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Small Windows Mobile/CE application for debug or test purpose

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When I was a beginner in Windows Mobile programming, even for small test I used to create a single MFC dialog-based application with one button, and put my test code in the OnLButtonDown method.

For Pocket PC it worked fine, on some Windows CE device that, sometimes, didn't have the MFC DLLs, this application even didn't start. For the first Microsoft Smartphones I needed to use another wizard, another resource file, special control compilation definitions, and so, many configurations.

Now I know that it is unbelievably easy to make a small application without any GUI or just with a message box that can be compiled for any Microsoft Mobile or CE platform and simply works. It allows me to be concentrated on the research or testing task and do not waste time on GUI arrangements, and project configurations compilation definitions, pre-compiled headers and other wizard generated stuff.

Here are the steps to create this smallest Windows Mobile/CE application:

1. Begin a project in VS2005.


In Visual Studio, in the "File" menu choose "New" and then "Project..." (Picture 1).

Picture 1. Begin a project in VS2005.
In the wizard, in Visual C++ section choose "Smart Device" item and on this page choose "Win32 Smart Device Project" (Picture 2).

Picture 2. New Project Wizard.

Set the solution name and press "Ok".

2. Smart Device Project Wizard.


You see the standard wizard for the Smart Device project. Don't click on "Finish" - we need to change few default options (Picture 3).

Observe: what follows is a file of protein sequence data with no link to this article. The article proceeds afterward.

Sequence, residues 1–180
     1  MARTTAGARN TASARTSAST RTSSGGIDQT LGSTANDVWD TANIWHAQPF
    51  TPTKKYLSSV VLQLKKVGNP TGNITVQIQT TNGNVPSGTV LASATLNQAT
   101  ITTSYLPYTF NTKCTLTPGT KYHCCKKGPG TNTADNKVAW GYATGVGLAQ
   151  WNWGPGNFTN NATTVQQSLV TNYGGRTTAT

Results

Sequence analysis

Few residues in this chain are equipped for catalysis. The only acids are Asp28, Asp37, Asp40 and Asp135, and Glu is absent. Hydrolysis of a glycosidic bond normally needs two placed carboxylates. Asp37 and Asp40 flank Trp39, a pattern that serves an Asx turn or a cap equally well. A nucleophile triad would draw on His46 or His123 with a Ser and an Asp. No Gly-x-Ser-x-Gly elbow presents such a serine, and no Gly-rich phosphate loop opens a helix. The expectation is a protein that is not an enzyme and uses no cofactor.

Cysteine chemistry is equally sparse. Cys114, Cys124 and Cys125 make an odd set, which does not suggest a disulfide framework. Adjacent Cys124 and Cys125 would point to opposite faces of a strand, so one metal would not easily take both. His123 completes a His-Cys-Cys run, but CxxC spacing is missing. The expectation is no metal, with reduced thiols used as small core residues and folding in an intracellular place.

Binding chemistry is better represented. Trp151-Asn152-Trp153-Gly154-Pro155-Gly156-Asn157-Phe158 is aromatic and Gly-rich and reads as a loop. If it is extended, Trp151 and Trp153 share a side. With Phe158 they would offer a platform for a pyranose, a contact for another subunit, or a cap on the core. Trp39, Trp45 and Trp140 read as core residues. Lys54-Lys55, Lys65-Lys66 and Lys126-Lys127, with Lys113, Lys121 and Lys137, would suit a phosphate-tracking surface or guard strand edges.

Picture 3. Smart Device Project Wizard.

Choose "Platforms" and add the platforms you need. I always add Windows Mobile 5 and 6 and even "old-fashion" Smartphone 2003 (Picture 4).

Picture 4. Platforms.
Press "Next" to go to the "Application Settings" page (Picture 5).

Picture 5. Application Settings.
Check "Empty project" checkbox and now press "Finish" (Picture 6).

Picture 6. Application Settings. Empty project.

3. Add new item.


We have the solution and the project, but there are no source code files To make one, I'm adding (Picture 7) "New Item..." to the Source Files - choose "Add" in the popup menu and "New Items..." in the next popup.

Picture 7. Add new item.
Be sure that you have "Code" item selected in the "Visual C++" tree and "C++ File (.cpp)" in the Templates page. Set name for the cpp-file (for example, main) and press "Add" button (Picture 8).

Picture 8. Add new cpp-file.

4. Solution.


Empty source file added. We need to add few lines of code (Picture 9).

Picture 9. Solution.
Let's add the following source code: